My wife and I have no debt and have contributed to our voluntary individual retirement plans for our entire careers. That turned out to be a good thing because my voluntary plan was worth quite a bit more than my standard retirement plan. As many people are finding out, an employer’s defined-benefit pension many not require the employer to actually pay you anything from a legal standpoint. It is within an employer’s rights to amend or cancel virtually any retirement benefit for which there is no contractual obligation. Like most employees, I had no employment contract for my retirement benefits. So getting the equivalent lump sum value of a retirement plan (discounted, of course, to its net present value) can be attractive compared to the risk of getting nothing should an employer be financially unable to meet those obligations some 20 years in the future. I could also feel good about it because I was helping my employer reduce its long term financial obligations. I think that the best thing that has happened since I started working was to move toward making an individual employee’s retirement benefits portable. To make all of my retirement benefits portable, it was necessary to walk away from an established career without the option of being able to return. Leaving a job voluntarily without having another one lined up is viewed in the same realm as renouncing one’s citizenship. Many people think I was laid off. I know a lot of people in that category so even if it were true, I’d be in good company.

    For the first part of my ‘retirement dress rehearsal’ as I call it, I did not immediately begin looking for a job. I was able to take a summer off for the first time since I was in grade school. I really enjoyed the time off. It felt revitalizing. However, I quickly began networking to see what opportunities were available for when I was ready to go back to work. The group I have found to be most beneficial in that regard is NoCoNet, which is set up to help Northern Colorado workers and employers to find each other. There are many other benefits to this group besides finding a job and the most significant is meeting lots of new people from around the area that I may have never met otherwise. Many of the new people are volunteers in NoCoNet and other organizations.

    Currently, the most promising industries in Northern Colorado are those related to renewable energy. They are the only industries that seem to be attracting any significant investment and showing signs of growth. Everyone seems to realize that it’s just a matter of time before we run out of fossil fuels, the only argument is about how soon it will happen. I think it’s better to be prepared for it than to try to come up with a solution after we no longer have any affordable energy resources. Having access to low cost fossil fuel is a bit like living off an inheritance. When you’re living off an inheritance, it’s a good idea to acquire job skills before you need them so you won’t have to figure out how to do it after you’ve run out of money. So I think it’s wise to invest in alternative energy sources today before we absolutely need it.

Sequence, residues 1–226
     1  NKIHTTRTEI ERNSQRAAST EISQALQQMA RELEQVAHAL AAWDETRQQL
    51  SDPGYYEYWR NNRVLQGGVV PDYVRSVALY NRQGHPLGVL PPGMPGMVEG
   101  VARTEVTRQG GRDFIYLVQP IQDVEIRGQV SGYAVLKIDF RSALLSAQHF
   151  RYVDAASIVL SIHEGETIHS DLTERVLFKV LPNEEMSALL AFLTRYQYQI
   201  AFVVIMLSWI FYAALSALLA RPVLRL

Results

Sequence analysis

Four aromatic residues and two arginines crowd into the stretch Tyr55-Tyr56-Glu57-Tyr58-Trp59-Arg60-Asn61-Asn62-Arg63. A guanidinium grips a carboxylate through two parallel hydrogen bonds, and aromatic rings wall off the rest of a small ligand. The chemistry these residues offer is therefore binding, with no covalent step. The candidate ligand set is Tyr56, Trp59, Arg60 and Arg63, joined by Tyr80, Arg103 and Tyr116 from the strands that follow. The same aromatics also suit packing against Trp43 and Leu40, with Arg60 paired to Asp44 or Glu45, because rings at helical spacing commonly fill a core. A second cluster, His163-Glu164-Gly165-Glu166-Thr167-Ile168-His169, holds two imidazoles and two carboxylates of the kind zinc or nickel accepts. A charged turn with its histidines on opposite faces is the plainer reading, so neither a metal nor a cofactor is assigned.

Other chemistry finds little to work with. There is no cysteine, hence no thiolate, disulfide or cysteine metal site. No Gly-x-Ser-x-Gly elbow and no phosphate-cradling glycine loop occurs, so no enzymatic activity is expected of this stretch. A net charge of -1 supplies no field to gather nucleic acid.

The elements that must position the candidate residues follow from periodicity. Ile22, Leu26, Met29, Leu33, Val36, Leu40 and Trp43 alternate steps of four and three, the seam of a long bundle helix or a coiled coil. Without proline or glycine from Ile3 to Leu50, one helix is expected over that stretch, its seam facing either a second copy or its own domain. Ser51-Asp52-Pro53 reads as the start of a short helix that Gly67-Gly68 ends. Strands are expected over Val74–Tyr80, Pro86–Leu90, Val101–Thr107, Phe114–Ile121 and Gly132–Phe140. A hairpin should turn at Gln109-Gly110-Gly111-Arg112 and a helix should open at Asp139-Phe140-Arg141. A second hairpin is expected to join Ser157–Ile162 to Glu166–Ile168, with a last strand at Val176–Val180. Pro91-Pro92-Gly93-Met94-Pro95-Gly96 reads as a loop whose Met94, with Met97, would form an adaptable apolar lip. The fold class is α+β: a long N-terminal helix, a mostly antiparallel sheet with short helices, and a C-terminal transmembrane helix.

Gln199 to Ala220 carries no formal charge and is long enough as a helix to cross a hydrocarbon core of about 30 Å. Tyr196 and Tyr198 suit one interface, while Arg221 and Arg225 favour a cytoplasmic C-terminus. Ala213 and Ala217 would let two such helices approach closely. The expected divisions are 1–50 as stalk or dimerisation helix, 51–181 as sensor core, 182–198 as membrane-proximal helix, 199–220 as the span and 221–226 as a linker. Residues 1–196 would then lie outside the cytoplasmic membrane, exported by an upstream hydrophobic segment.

That’s one of the reasons why I’ve been researching and posting about energy-related topics. In looking back through my blog, I see I’ve written over 18 entries related to energy topics. Even though I’ve never worked in the energy industry, save for one summer at an electric utility company, I would like to know as much about it as any industry insider. I realize that’s a daunting task, but energy terminology and concepts are familiar to me. Converting from kW to HP to BTUs is something I’ve been doing in my head for as long as I can recall simply because I find the subject of energy fascinating. And I enjoy reading and writing about it as well.

    Back in November when Terri found for the second time in 6 months that her new job was moving to Singapore, I applied for a few positions that looked interesting. There’s a company involved in renewable energy that has called a few times but we haven’t set up an interview yet. The last time I talked with them, they thought they’d be interviewing candidates in February. Even though it’s a local position, I’d have to fly to the east coast for the interview. But I don’t know if anything will come of it. Terri managed to find a new position with just a few weeks to spare so it isn’t as important that I get a job as it was a few months ago.

    In reality, I don’t really want to be retired in the sense that most people think of it. I wouldn’t be happy spending all my time golfing or lounging on a beach, although I know plenty of people who think they would. Like several of my other friends with whom I’ve talked with about it, happiness requires finding a way to be a productive and contributing member of society. That’s probably true for everyone but some people don’t realize it. I am involved in a few consulting activities I do on a volunteer basis that are related to technology ventures, mostly for friends. I also like to get out and talk with other people regularly so